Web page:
Esan

Photo of this volcano
Google Earth icon
  Google Earth Placemark
  • Country
  • Volcanic Region
  • Primary Volcano Type
  • Last Known Eruption
  • 41.805°N
  • 141.166°E

  • 618 m
    2027 ft

  • 285011
  • Latitude
  • Longitude

  • Summit
    Elevation

  • Volcano
    Number

Most Recent Bulletin Report: September 2012 (BGVN 37:09)


Minor steam plumes in March 2012

E-san is located in S Hokkaido, the northernmost of Japan’s 47 prefectures (figure 1). Recent monthly reports of volcanic activity from the Japan Meteorological Agency (JMA), translated into English, resumed in October 2010. The only recent JMA report on E-san was in March 2012. This is the first BGVN report discussing E-san.

Figure 1. A map showing a few of the major volcanoes of Japan, with their respective Alert Levels in March 2012. E-san is in the northernmost prefecture of Japan, Hokkaido. Courtesy of JMA.

According to JMA, in March 2012 steam plumes rose to heights of

A small-amplitude and short-duration volcanic tremor occurred on 30 March. After that, the number of small volcanic earthquakes increased until early on 31 March. No steam plumes could be observed on 31 March due to cloud cover; however, JMA reported no change in air vibrations or crustal deformation data. Field surveys on 2 April found no change in either the steam plumes from the crater or crustal deformation (GPS).

Information Contacts: Japan Meteorological Agency (JMA), Otemachi, 1-3-4, Chiyoda-ku Tokyo 100-8122, Japan (URL: http://www.jma.go.jp/jma/indexe.html).

The Global Volcanism Program has no Weekly Reports available for Esan.

Index of Bulletin Reports


Reports are organized chronologically and indexed below by Month/Year (Publication Volume:Number), and include a one-line summary. Click on the index link or scroll down to read the reports.

09/2012 (BGVN 37:09) Minor steam plumes in March 2012




Bulletin Reports

All information contained in these reports is preliminary and subject to change.


09/2012 (BGVN 37:09) Minor steam plumes in March 2012

E-san is located in S Hokkaido, the northernmost of Japan’s 47 prefectures (figure 1). Recent monthly reports of volcanic activity from the Japan Meteorological Agency (JMA), translated into English, resumed in October 2010. The only recent JMA report on E-san was in March 2012. This is the first BGVN report discussing E-san.

Figure 1. A map showing a few of the major volcanoes of Japan, with their respective Alert Levels in March 2012. E-san is in the northernmost prefecture of Japan, Hokkaido. Courtesy of JMA.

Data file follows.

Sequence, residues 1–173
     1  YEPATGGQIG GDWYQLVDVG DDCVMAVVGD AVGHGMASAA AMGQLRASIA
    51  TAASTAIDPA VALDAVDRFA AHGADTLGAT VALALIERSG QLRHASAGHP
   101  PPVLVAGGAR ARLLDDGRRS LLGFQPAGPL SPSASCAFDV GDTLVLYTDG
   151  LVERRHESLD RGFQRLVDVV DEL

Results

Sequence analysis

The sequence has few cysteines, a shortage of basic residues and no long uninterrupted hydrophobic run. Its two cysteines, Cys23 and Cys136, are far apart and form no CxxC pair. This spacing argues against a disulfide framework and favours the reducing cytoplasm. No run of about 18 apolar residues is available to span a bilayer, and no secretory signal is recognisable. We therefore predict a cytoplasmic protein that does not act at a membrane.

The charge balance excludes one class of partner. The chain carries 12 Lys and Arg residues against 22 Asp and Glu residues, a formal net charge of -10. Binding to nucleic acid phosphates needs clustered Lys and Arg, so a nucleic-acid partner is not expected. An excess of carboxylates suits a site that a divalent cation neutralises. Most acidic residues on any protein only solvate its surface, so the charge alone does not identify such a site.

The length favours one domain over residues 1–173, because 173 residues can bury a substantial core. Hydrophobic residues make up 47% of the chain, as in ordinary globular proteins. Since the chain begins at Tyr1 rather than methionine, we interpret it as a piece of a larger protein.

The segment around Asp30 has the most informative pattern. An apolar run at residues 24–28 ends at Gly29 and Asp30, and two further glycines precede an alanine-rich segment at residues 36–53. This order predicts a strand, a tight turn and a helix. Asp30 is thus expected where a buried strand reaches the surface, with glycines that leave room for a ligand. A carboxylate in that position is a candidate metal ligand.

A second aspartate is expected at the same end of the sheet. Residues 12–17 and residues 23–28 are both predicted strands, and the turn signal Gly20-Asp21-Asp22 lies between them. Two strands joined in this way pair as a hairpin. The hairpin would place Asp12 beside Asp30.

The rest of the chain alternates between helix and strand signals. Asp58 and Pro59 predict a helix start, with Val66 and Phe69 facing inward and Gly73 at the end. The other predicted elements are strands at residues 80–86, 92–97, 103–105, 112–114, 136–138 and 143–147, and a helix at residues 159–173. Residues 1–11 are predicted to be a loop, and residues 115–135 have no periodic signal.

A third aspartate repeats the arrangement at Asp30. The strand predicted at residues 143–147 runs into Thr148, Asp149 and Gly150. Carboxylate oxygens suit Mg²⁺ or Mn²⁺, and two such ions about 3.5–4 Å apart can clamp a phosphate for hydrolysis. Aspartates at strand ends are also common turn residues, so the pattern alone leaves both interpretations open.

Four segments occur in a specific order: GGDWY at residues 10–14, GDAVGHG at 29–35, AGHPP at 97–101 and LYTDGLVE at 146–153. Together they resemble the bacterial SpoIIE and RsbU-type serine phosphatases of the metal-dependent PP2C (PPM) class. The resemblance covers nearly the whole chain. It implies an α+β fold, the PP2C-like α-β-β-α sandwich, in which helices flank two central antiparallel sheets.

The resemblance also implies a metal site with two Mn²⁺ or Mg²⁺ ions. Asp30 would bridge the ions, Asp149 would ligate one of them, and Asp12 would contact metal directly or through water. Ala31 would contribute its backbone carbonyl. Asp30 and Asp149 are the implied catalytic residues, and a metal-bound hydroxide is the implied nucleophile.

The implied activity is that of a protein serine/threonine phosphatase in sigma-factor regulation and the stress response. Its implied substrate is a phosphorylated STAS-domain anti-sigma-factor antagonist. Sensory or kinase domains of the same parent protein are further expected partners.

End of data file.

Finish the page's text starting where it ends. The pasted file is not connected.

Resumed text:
According to JMA, in March 2012 steam plumes rose to heights of

A small-amplitude and short-duration volcanic tremor occurred on 30 March. After that, the number of small volcanic earthquakes increased until early on 31 March. No steam plumes could be observed on 31 March due to cloud cover; however, JMA reported no change in air vibrations or crustal deformation data. Field surveys on 2 April found no change in either the steam plumes from the crater or crustal deformation (GPS).

Information Contacts: Japan Meteorological Agency (JMA), Otemachi, 1-3-4, Chiyoda-ku Tokyo 100-8122, Japan (URL: http://www.jma.go.jp/jma/indexe.html).

Esan, a small volcanic complex of seven overlapping andesitic-to-dacitic lava domes, is Hokkaido's southernmost active volcano. Esan occupies the eastern tip of the double-pronged Oshima Peninsula across the Tsugaru Strait from Honshu. The Esan volcanic complex consists of five late Pleistocene and two early Holocene lava domes, Esan and Misaki. A minor phreatic eruption in 1846 produced a mudflow that caused many fatalities. The latest activity was a small eruption in 1874. Active fumaroles occur at a thermal area on the upper NW flank.

Summary of Holocene eruption dates and Volcanic Explosivity Indices (VEI).

Start Date Stop Date Eruption Certainty VEI Evidence Activity Area or Unit
1874 Jun 8 Unknown Confirmed 1 Historical Observations Es-6 tephra
1846 Nov 18 Unknown Confirmed 1 Historical Observations Es-5 tephra
1350 (?) Unknown Confirmed   Tephrochronology NW E-san, Es-4 tephra
0440 BCE ± 46 years Unknown Confirmed   Radiocarbon (corrected) Es-3 tephra